Content is king on the Internet, especially after recent updates to Google that have placed even more emphasis on rewarding quality content. For an in-depth analysis of this subject read Joe Brockmeier's guide to the importance of content for SEO.
Creating Links Within Your Site
Creating anchor text links within your website to and from relevant pages is another useful on page SEO method. A good internal linking structure will help get your pages indexed in the search engines.
Because you have complete control over the anchor text used, make sure to use descriptive keywords for your internal links that also match the keywords you are trying to rank for.
Using internal links within your site will also help to reduce your bounce rate, which is another metric search engines use in their ranking algorithms. Bounce rate measures the percentage of visitors that click through to your site and view only one page before leaving.
Giving visitors more options to click on will help them stay on your site for longer and view additional pages. And that lower bounce rate will help boost your search engine rankings.
Checking Your On-Page SEO
You can also use Traffic Travis to analyze your on page SEO and check for "Page Warnings" where your website might not be properly optimized.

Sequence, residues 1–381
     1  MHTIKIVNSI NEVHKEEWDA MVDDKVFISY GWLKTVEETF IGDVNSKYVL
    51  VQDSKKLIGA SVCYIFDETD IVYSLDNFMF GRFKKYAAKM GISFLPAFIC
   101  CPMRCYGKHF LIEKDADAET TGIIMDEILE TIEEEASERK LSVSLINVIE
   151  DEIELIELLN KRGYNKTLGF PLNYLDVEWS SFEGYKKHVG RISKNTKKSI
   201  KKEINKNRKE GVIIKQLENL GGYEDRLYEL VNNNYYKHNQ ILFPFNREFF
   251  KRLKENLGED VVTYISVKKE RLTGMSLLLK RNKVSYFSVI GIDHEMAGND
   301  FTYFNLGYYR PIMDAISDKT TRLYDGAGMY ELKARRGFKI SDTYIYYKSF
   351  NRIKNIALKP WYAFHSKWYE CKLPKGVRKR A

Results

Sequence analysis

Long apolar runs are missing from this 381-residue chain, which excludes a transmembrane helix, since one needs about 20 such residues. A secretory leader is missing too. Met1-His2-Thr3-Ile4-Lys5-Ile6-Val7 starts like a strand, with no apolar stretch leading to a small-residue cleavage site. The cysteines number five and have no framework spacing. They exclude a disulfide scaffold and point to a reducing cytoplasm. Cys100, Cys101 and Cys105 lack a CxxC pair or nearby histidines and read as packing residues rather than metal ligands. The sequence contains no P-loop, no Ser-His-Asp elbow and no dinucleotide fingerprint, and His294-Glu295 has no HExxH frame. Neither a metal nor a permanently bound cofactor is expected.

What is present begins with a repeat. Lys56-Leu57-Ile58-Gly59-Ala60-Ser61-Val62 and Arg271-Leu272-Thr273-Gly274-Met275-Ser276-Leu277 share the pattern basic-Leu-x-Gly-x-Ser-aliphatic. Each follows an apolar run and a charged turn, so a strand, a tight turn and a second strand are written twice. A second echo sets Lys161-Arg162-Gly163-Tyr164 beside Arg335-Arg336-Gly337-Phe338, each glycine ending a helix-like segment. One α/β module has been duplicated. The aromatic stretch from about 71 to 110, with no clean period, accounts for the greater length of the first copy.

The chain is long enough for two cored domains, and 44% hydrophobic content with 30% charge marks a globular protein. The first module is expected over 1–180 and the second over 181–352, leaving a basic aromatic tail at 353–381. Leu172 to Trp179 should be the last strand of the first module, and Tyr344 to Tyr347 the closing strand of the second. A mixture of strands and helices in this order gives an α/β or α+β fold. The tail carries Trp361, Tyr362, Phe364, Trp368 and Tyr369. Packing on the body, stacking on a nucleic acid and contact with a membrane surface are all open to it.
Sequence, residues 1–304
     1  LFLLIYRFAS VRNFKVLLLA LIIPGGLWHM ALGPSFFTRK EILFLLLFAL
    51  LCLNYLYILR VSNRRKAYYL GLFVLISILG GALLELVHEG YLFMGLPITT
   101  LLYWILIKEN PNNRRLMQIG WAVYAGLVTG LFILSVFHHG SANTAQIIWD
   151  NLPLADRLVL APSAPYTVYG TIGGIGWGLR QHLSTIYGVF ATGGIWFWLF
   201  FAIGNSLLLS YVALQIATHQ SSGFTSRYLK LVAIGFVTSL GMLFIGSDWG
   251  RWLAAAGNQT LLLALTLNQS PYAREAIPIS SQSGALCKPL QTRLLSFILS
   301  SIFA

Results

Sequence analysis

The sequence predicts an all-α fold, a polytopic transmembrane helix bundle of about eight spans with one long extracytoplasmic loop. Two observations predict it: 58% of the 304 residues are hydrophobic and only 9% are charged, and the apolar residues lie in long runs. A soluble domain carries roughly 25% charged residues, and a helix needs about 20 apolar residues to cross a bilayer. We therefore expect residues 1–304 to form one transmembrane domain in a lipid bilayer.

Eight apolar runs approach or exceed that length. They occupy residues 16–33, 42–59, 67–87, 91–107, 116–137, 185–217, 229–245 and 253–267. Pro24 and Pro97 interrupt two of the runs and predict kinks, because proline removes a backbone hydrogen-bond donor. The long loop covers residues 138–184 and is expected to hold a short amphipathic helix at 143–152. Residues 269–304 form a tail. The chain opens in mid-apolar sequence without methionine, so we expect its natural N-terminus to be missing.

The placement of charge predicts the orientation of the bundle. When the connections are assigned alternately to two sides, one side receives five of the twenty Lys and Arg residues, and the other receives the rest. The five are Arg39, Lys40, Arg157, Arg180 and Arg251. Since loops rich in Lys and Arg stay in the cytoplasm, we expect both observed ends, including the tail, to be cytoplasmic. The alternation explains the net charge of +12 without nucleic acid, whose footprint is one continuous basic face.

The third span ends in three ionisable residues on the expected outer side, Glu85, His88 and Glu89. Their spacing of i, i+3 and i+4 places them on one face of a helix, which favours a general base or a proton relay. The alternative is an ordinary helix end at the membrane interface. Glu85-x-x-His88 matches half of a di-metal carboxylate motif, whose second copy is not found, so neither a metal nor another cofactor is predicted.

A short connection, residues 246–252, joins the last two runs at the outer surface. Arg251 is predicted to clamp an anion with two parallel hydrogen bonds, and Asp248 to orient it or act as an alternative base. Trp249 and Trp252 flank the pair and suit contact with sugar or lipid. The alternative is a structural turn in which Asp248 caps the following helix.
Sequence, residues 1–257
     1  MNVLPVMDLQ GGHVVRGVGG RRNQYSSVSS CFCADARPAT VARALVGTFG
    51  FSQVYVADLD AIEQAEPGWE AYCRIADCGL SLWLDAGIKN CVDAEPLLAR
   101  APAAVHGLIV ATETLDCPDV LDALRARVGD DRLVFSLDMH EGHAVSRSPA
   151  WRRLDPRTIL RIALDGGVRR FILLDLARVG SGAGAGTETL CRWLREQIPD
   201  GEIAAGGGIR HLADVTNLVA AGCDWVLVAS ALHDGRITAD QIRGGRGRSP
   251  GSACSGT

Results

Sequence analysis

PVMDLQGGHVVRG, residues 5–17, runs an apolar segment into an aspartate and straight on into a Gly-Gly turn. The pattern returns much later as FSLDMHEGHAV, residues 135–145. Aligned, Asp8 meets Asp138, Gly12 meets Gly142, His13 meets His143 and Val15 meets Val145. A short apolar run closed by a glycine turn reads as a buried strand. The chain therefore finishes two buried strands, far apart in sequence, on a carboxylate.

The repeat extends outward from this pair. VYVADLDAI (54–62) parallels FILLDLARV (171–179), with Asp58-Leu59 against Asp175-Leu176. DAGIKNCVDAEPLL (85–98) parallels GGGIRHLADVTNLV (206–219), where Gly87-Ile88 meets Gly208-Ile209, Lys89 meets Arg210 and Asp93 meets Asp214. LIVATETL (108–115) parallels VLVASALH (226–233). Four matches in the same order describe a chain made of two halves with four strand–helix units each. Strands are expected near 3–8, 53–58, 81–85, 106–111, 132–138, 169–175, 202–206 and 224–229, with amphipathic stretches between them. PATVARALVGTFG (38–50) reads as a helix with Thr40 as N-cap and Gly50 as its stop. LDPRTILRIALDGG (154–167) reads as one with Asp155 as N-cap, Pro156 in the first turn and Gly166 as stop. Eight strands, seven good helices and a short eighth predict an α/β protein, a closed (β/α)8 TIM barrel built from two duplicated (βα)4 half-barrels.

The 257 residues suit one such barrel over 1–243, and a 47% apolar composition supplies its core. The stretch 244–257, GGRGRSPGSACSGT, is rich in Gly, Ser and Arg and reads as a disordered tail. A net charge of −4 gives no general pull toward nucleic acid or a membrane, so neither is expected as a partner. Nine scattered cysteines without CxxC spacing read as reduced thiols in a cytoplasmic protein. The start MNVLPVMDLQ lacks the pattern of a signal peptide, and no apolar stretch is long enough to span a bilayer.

The easiest way to do this is to use the My Site tool (where you imported your pages before) and look out for "Page Warnings." Click on the "Page Warnings" number to see a comprehensive list of what on-page SEO you are doing well, and what things you need to improve.
Here is an example:
Pay close attention to the warnings, and then fix as many of them as you can.
Optimizing your pages for your target keywords using the techniques you have learned today will help you blow past competitors who haven't taken the time to set up their sites as well as you have.
To recap, today we have covered:
In the next newsletter, we'll take a look at off-page SEO factors. In the meantime, check over your site and see whether you can improve its on page SEO using the tips above.
Wishing you every success, till next time,
With the free edition of Traffic Travis you can track up to 5 projects at once. But with Traffic Travis Professional you can save and track an unlimited number of websites. This makes it invaluable for tracking your competitors' websites as well as your own.
And thanks to our 60-day money-back guarantee, trying Traffic Travis Professional is risk free.
Before I found Traffic Travis I had to use multiple (high-priced) programs to get the job done.
I was using one program for on-page analysis...
...another to assess the competition...
...another to find profitable keywords...
...and another to make reports...
It was a lot of tedious work.
Traffic Travis makes it quick and easy.
In just one program I have all the tools I need to pre-sell my services and show prospective clients why their competitors have a page one listing and why they don't.
Thanks to Traffic Travis, I'm able to quickly help my clients get the ranking that gets the traffic that gets the leads that convert in to sales.
Every single client holds at least a couple of # 1 spots -- along with tons of top 3 and top 5 positions.
Not only that, many are dominating page one with multiple positions. Some as many as 5 or 6 or 7 organic listings.
-Mack Marcon, Dallas TX